closed businesses 88 298.
(photo credit: Ariel Jerozlimski)
Small- and medium-sized businesses can expect more assistance from the government this year as the Ministry of Industry, Trade and Labor plans to bring more banks into its small enterprises fund to shorten the time it takes to respond to requests for aid.
"The increased extent of the funding activities shows their necessity as an important source of credit for small businesses," said Tsvia Dori, manager of the ministry's financing administration. "The main problem for the fund is the time it takes to handle requests."
The ministry currently works with three banks to provide loans to small and medium business - Otzar Hahayal, Mercantile and First International Bank, and said increasing that number would make the process more efficient.
The procedure includes a comprehensive financial check on the businesses, which takes up to 15 days. This includes a presentation of all the borrower's earnings and information, and checks performed by the bank and the fund's management. Once these checks are completed, it takes an average of 45 days to process the loans, the Trade Ministry said.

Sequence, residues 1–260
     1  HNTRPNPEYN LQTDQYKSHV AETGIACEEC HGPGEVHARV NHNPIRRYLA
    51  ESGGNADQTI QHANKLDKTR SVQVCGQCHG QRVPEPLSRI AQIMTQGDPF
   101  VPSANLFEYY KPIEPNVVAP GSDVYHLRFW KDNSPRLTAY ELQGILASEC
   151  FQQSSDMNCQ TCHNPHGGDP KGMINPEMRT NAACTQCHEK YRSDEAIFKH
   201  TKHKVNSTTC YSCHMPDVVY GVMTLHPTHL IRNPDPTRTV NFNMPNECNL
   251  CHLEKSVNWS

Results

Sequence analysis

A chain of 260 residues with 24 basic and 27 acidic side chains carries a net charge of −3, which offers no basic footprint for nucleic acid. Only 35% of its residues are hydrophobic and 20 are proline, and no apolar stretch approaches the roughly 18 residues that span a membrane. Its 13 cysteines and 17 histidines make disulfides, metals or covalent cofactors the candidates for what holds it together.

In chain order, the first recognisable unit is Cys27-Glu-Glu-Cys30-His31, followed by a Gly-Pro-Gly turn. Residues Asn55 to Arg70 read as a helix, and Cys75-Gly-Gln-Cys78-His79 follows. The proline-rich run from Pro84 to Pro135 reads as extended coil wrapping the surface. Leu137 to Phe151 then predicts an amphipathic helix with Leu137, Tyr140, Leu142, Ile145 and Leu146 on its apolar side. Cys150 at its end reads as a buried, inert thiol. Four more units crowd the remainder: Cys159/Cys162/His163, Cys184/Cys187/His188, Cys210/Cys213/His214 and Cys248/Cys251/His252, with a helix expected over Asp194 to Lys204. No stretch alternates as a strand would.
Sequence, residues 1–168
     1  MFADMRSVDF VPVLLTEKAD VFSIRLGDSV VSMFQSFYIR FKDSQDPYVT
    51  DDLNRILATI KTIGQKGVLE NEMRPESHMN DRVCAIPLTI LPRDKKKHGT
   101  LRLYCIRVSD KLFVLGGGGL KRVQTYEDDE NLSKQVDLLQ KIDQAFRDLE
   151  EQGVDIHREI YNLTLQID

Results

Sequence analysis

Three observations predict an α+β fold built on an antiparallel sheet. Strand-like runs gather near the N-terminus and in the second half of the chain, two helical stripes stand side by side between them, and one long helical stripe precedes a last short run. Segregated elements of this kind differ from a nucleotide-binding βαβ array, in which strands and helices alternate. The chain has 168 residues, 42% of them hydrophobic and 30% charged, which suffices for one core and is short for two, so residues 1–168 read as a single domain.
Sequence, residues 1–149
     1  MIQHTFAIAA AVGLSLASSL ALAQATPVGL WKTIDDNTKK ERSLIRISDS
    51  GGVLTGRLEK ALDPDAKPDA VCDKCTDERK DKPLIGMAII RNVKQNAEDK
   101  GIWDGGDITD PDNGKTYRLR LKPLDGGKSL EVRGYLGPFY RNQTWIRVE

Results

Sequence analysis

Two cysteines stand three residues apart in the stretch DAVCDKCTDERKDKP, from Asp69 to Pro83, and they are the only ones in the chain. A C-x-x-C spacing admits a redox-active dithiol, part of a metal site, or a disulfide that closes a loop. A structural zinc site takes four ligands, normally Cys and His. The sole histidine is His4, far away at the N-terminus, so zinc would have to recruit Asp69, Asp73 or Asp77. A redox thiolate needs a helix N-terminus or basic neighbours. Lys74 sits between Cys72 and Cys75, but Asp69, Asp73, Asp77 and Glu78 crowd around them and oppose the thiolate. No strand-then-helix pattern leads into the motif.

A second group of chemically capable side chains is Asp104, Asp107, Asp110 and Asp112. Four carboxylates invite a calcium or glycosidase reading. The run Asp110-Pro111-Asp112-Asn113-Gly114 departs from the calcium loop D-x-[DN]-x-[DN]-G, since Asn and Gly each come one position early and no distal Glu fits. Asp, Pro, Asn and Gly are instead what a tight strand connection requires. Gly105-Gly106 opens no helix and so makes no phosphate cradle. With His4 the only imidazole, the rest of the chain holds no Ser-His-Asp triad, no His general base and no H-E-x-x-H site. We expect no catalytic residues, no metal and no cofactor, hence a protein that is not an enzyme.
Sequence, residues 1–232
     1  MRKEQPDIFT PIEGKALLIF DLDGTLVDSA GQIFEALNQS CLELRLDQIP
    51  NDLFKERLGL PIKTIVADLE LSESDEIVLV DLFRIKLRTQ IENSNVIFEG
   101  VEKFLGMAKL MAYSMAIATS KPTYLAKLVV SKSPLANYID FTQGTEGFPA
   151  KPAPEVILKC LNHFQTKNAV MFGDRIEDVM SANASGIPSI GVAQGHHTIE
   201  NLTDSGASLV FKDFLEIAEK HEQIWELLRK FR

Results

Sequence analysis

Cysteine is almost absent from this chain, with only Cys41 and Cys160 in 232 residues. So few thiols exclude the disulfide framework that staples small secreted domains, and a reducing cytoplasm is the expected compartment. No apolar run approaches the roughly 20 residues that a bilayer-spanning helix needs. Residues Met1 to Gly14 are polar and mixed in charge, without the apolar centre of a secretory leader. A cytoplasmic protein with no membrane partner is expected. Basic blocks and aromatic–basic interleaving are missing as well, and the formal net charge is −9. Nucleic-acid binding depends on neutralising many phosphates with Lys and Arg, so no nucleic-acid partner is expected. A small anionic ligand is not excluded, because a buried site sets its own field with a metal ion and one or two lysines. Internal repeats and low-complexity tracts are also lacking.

Still, a ministry survey showed that 58 percent of businesses that received loans were satisfied with the process, 35% were ambivalent, and 7% gave low evaluations for the procedures.
The ministry said it helped 875 businesses in 2006 through its small enterprises fund after receiving 1,238 requests for assistance. In 2005, the fund received requests from 1,153 businesses.
The fund extends loans of up to NIS 500,000 to businesses with fewer than 70 workers and turnovers of up to NIS 22 million. The state guarantees up to 70% of the bank loans.
Between October 2003 and December 2006, the fund extended NIS 687m. in loans to 2,281 enterprises. The average loan, the ministry said, was NIS 300,000. Close to 60% of the transactions were repeat loans, 30% were new and 10% were linked loans.
Last month, the government held a one day seminar at the Knesset aimed at highlighting the main issues facing the sector.
Shmuel Rozenman, chairman of the Israel Small and Medium Enterprises Authority, said at the time these revolve around regulatory issues including those relating to credit, VAT and access to government tenders.